Orphaned Land
All Is One

As great as metal music is – the greatest of all music on the planet, of course  – most of the bands who sport some sort of image are, in all actuality, a bunch of fake posers. Seriously, they are. We’ve all seen it millions of times: a band represents something only to find out it’s all a facade.

Closed-minded metalheads or younger, less experienced kids might instantly lash out at the various artists for being phony or only doing it for show, but the bottom line is that metal, like all other forms of music, is entertainment. Most death metal bands sing about slaughtered hordes of people, severing limbs, monsters ripping innocent people to shreds, etc. Obviously, it’s all for show because the members of the various bands aren’t actually serial killers or witnesses to things only found in horror movies. The dudes in Macabre aren’t exactly hiding bodies under their cement. And the majority of the “real” Satanic bands are really just a bunch of dorks trying to scare people or to get attention.

However, when a band comes around who is genuine in their beliefs and actually tries to do something to change the world, it has to be commended and appreciated. Much is the case with Israel’s Orphaned Land, a band that actually stands for something and does everything they can to make their beliefs a reality. In this case, as has always been the case with them, is to try and somehow unite the people of the world through peace, to educate people that fighting over religion or land or anything else is incredibly counterproductive.

Like U2 back in the ‘80s through today, Orphaned Land has always been about expressing their views and then trying to actually do something about it. To make matters even better for the quintet, they are actually an incredible collection of musicians who have yet to deliver a mediocre album.

Enter All Is One, the band’s fifth full-length release, and all remains splendid in the Orphaned Land camp. They still fuse Middle Eastern folk into their metal, but they’ve grown a bit softer, more melodic over the years. But by soft, it’s not to be taken that they’ve gotten weak by any means. In fact, their music is arguably as powerful, if not more so, than ever before. The guys take a long time to deliver the goods (five albums in 20 years of existence is Tool-like) but when they do their fans needn’t worry about anything less than what should be expected.

Case in point is the title track, which opens the album. By far the strongest passage on the album and arguably the best of their entire career, “All Is One” bursts out of the speakers with such a tremendous hook – musically and vocally – and the arrangement is as powerful as anything released this year. It’s like classic Middle Eastern folk cranked to overdrive via a metal vessel. It’s near perfection, the only downside is that album is essentially downhill from there.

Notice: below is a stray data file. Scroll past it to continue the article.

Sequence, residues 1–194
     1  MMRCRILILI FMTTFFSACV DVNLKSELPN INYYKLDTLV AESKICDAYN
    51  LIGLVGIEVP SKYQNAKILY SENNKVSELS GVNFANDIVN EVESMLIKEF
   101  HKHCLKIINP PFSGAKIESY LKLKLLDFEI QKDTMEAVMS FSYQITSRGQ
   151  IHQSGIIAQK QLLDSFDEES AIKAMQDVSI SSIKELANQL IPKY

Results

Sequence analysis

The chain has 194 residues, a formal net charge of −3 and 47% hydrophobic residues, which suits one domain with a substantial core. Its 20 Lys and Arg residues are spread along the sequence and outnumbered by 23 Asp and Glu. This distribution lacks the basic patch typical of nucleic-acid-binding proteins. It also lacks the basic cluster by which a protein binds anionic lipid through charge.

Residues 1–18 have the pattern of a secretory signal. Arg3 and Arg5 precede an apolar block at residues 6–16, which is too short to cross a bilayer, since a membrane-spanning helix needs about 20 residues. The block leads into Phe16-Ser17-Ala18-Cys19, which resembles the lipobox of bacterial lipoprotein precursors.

However, that’s not to say that the rest of the songs on All Is One don’t stack up. In fact, it’s quite the opposite. Even though nothing else on the album is as remarkable as its title track, Orphaned Land roll out eventual classics “The Simple Man”, “Brother” and “Freedom”, each could eventually wind up on a best-of album.

Orphaned Land may not be the greatest band to ever grace our collective ears with their brilliance, but in all actuality their viewpoints and attempts to make this often terrible world a better, more peaceful place is more important than some cheesy black metal chump declaring war against Christianity or some gore band puking about a rotted corpse coming to life and murdering an entire village of nuns. No, Orphaned Land have more balls than virtually every other metal band combined because they actually stand up for what they believe, they play “life” metal and they do it in one of the most hostile, violent areas of the entire globe. But more importantly, they are damn good at what they do and All Is One is one of the best albums of 2013.

[Visit the band's website]
Written by Mike Sloan
July 30th, 2013

Comments

  1. Commented by: Rabid1

    I love their last two, but this one hasn’t really clicked. Excellent review, however.


  2. Commented by: Nick Taxidermy

    I always wanted to like these dudes more than I do. they’re good, I just…I dunno…I feel like I like them more in concept than in practice.


  3. Commented by: Grymmbear

    I LOVED El Norra Alila, Mabool, and ORWarriOR, and I just could not get into this album at all, and it has nothing to do with the lack of aggression so much as it is the lack of major contrast between songs.


  4. Commented by: DK777

    One sign of a very good review: the reader is compelled to go and check out the album.

    And check it out I will! Nice work.


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